In human beings the nervous system is the most sophisticated and complex system. It is made up of two main systems: The central nervous system (brain and spinal cord) and peripheral nervous system (peripheral nerves and autonomic nerves). The nervous system regulates and coordinates all the functions and activities of the body. The principal organs of the nervous system in addition to brain and spinal cord are eyes, ears, and all sensory organs of smell, taste and touch. The sensory receptors are present in the skin, muscles, joints and other parts of the body.

What are the disorders of the nervous system?

Infections, injuries, trauma, tumours, autoimmune disorders, degeneration, disruption of blood flow, structural defects can damage the nervous system and therefore it is vulnerable to various disorders.

There are various degenerative, structural, functional, and vascular disorders of the central nervous system. Headache, neuralgia, trigeminal neuralgia, epilepsy, dizziness, etc are the functional disorders of the nervous system. The structural disorders of the central nervous system include brain and spinal cord tumours, peripheral neuropathy, injuries to the brain and spinal cord, cervical spondylosis, Guillain-Barre syndrome, Bell’s palsy, carpel tunnel syndrome. Alzheimer’s disease, Parkinson’s disease, multiple sclerosis and Huntington chorea are the degenerative diseases of the nervous system. Brain haemorrhage, hematoma, transient ischemic attack (TIA) and stroke are the vascular disorders, whereas polio, epidural abscess, meningitis and encephalitis are infections.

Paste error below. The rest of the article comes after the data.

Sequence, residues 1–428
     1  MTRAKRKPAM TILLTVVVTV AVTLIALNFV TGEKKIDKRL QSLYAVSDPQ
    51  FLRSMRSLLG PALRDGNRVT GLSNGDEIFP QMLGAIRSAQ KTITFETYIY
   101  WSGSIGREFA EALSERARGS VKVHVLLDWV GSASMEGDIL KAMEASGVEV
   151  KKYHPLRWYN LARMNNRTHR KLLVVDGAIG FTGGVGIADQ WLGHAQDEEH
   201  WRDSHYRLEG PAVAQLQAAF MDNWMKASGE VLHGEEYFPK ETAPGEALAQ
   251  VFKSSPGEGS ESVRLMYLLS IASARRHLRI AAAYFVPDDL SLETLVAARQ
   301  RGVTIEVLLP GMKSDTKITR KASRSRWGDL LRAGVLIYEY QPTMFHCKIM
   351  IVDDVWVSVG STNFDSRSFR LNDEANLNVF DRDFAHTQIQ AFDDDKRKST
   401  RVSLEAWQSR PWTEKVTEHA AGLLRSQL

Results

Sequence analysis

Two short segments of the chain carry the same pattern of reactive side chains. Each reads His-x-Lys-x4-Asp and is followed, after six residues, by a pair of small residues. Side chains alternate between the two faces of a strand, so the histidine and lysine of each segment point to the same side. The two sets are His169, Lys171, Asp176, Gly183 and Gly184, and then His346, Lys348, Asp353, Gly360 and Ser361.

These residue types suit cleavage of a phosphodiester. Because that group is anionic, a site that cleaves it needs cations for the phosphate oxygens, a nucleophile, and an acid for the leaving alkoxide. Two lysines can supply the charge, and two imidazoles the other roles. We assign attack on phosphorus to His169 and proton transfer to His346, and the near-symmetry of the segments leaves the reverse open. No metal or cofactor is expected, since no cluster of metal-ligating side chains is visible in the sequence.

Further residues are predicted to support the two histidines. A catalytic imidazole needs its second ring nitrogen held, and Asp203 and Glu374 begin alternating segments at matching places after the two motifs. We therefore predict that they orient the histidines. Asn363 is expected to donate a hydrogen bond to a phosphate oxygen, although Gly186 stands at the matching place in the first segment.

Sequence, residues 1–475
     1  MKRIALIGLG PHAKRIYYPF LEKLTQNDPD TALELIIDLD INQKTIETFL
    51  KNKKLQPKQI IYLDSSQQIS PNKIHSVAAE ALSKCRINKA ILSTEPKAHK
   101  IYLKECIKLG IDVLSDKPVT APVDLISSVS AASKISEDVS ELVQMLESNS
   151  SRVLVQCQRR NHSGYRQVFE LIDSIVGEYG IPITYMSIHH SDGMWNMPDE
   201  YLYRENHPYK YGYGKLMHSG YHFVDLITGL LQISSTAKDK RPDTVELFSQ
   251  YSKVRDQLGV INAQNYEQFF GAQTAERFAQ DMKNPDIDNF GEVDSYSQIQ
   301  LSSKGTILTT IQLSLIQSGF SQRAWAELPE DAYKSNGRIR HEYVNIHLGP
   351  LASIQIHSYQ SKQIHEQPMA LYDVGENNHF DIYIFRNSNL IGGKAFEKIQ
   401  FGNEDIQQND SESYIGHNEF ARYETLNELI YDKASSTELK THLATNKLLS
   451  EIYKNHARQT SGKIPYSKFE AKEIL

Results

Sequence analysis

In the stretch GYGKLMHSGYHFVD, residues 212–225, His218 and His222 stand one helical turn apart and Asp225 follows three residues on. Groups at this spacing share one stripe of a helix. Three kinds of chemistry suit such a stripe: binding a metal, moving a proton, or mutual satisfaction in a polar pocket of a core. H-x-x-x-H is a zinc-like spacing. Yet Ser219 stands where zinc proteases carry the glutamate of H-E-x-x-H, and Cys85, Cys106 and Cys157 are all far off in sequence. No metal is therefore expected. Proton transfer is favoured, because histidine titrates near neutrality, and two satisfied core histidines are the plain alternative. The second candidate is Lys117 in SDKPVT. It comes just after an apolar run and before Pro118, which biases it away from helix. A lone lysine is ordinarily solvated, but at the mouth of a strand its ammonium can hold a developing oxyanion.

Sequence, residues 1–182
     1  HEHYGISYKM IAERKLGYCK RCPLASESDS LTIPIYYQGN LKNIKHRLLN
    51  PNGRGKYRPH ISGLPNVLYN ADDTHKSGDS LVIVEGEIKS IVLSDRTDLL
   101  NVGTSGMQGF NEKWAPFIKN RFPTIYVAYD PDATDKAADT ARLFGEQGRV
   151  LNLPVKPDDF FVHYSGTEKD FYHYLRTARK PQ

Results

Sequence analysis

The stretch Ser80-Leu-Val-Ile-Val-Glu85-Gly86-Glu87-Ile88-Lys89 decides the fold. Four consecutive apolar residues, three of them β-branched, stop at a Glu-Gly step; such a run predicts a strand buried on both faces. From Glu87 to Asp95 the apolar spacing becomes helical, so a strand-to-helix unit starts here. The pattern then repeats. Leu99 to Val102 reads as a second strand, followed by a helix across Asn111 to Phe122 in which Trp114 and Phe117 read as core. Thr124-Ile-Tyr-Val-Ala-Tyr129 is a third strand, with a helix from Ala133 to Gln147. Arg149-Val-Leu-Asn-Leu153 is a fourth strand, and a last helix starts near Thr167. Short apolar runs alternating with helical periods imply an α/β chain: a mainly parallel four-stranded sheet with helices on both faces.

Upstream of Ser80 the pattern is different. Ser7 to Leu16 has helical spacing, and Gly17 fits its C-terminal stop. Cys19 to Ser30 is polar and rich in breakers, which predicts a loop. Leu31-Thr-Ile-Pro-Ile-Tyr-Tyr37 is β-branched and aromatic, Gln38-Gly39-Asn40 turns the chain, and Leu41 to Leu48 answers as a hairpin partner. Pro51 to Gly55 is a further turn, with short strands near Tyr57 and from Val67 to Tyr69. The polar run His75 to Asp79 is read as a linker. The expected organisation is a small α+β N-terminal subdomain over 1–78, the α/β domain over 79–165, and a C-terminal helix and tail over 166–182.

What are the signs and symptoms of nervous system disorders?

The following are the most common general signs and symptoms of a nervous system disorder. However, each individual may experience symptoms differently. Though the symptoms of neurological disorders may vary from individual to individual, yet there are some very common signs and symptoms of neurological disorders – they include lack of coordination and balance, muscular weakness or loss of muscle strength, headache – sudden or persistent, loss of sensation, weakness in hands and legs, tingling sensation in fingers, lack of concentration, memory impairment, seizures, muscular rigidity, difficulty walking, vision problems, double vision, tremors, speech problems, back pain, and so on.

Anyone suffering from a neurological disorder should always consult a specialist or neurologist to rule out the possibilities of any other type of disease or disorder as the signs and symptoms of a neurological disorder may resemble the symptoms of other health conditions.

Healthcare providers who treat nervous system disorders

Physicians who treat patients suffering from neurological disorders examine them by knowing their medical history and by performing initial neurological examination. They spend considerable amount of time with the patient to make the diagnosis. When they suspect any abnormality or disorder, they order a series of tests to rule out other conditions and to reach to specific diagnosis.

The specialists who provide care and treat nervous system disorders are called neurologists. Neurology, interventional neurology and neurosurgery are the branches of medicine that deal with all types of disorders of the nervous system. Neurosurgeons treat the disorders by operating on the patient.

The patient with some types of neurological disorders may require rehabilitative care. The specialists who work with the patients in the rehabilitation process are called as physiotherapist.